Oh, I've worked out what an analogueical alternate use might be. Since it really is just a taboo that we don't just "sell" immigration - we would be people smugglers. The alternate use of the screwdrivers would be as sex toys. Clamistan frowns upon that.

Chris Fellows said...
This comment has been removed by the author.
Chris Fellows said...

What you say about the customers and the blinkered, insane-with-greed government of Clamistan might be perfectly true.

What really concerns me is that people who want to make decent screwdrivers are screwed by the current arrangement and the changes go some way- I believe- towards unscrewing them.

I am looking forward to reading your sophistical contortions to back your claim that private primary and secondary education has nothing to do with 'brand value'.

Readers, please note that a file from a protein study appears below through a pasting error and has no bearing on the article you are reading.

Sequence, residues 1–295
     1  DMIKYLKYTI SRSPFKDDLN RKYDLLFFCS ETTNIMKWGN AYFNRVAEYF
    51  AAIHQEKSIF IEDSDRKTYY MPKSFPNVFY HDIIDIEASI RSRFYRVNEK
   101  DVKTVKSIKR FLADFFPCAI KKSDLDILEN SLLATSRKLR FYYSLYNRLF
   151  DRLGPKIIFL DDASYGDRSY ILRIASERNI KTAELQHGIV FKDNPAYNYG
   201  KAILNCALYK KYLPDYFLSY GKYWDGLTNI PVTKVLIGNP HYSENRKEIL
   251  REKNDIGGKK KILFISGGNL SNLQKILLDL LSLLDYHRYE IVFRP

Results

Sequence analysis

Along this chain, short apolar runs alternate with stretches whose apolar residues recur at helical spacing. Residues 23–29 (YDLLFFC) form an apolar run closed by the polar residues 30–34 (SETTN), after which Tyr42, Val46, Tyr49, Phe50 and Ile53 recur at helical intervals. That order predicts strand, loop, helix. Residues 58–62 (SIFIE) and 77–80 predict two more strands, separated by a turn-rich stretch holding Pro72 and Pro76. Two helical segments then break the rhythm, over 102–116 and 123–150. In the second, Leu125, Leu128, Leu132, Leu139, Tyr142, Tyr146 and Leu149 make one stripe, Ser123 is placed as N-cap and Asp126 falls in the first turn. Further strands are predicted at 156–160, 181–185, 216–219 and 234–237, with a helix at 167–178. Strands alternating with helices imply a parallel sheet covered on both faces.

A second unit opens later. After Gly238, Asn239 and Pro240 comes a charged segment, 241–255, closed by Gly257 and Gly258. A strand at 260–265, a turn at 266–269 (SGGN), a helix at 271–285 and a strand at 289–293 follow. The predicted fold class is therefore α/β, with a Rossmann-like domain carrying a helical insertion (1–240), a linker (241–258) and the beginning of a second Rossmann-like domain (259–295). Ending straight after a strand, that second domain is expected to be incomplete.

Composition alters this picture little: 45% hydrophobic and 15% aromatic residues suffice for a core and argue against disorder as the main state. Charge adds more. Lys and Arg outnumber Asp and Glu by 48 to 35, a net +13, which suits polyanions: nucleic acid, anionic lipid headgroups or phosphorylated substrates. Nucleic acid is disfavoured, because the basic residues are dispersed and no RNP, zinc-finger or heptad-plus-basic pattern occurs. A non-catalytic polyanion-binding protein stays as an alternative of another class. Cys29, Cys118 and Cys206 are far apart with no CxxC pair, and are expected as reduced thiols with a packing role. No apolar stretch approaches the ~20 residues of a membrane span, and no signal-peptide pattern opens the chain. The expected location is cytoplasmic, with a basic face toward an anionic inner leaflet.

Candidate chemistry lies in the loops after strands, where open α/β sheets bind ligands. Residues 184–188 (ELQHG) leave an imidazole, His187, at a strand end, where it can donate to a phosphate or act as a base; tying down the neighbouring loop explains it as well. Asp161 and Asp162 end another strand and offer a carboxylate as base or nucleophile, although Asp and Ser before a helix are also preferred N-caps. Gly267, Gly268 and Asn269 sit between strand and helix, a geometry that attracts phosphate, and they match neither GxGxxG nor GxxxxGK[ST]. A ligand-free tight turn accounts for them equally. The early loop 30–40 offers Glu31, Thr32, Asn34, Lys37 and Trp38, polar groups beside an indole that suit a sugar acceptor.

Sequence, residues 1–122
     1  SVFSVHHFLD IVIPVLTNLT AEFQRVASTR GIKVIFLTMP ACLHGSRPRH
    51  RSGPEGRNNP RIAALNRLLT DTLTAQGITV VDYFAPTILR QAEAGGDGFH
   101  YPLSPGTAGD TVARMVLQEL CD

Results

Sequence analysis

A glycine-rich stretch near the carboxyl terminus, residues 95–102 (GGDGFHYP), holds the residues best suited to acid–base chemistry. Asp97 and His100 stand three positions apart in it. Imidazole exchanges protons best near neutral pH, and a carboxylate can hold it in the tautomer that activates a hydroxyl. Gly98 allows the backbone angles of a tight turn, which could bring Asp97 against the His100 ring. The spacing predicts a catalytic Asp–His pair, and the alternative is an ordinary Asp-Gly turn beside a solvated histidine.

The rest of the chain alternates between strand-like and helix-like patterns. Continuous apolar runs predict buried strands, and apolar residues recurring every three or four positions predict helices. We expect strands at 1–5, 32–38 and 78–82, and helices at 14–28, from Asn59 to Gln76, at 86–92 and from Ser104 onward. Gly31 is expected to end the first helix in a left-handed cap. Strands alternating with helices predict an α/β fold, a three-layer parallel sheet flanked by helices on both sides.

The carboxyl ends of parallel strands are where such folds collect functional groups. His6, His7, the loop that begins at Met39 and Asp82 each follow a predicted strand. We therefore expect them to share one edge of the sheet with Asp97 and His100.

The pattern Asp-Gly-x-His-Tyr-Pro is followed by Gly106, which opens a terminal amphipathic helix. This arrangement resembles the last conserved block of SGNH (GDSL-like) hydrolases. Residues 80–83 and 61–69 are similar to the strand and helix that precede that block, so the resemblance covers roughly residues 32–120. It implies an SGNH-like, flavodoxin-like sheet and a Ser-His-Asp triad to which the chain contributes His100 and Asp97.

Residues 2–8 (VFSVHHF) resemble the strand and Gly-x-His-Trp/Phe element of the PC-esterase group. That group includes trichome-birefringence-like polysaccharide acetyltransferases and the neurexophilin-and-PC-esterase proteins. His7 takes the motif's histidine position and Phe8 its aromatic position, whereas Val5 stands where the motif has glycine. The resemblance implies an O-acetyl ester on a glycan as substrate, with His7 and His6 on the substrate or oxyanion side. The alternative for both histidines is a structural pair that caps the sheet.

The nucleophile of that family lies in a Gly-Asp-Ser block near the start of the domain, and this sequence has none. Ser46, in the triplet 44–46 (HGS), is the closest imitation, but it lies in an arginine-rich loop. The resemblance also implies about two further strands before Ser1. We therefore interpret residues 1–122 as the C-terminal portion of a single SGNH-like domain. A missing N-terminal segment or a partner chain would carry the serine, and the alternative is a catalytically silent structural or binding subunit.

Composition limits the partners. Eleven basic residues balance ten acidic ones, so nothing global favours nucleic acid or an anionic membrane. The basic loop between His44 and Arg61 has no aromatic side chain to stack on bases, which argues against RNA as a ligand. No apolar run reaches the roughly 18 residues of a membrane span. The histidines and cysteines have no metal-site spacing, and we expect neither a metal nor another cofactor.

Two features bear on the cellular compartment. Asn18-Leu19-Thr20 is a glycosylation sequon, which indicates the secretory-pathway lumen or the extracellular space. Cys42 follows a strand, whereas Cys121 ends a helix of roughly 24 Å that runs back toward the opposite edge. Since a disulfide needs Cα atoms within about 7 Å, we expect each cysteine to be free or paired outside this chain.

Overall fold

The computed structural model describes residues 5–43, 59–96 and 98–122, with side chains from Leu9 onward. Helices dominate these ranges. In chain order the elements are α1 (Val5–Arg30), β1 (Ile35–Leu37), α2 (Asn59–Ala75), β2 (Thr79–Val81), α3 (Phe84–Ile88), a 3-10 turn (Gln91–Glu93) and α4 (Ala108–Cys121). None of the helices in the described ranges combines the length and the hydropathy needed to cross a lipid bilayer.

I note in passing that you have not sought to respond to my point about *relative* levels of sovereign risk which means - according to the time-honoured rules of the interwebz - that I win. Pwned!

Marco said...

What really concerns me is that people who want to make decent screwdrivers are screwed by the current arrangement and the changes go some way- I believe- towards unscrewing them.
I can see that. I don't think anything will help much until purchasers have better sex-toy alternatives. The screwdriver business will be continually hijacked by the demand for sex toys. I guess screening screwdriver purchasers to have confidence that they are bona fide screw drivers is enough for my liking. What they do once they have the screwdriver is their own business. It is ironic that such a sex toy liberal has a deep interest in the professionalism and reputation of the screwdriver manufacturers.

I note in passing that you have not sought to respond to my point about *relative* levels of sovereign risk which means - according to the time-honoured rules of the interwebz - that I win. Pwned!

I accept the ruling, especially since mining giants will assess risk and/or bluff regardless of whether the actual risk is anywhere near the perceived risk (differential)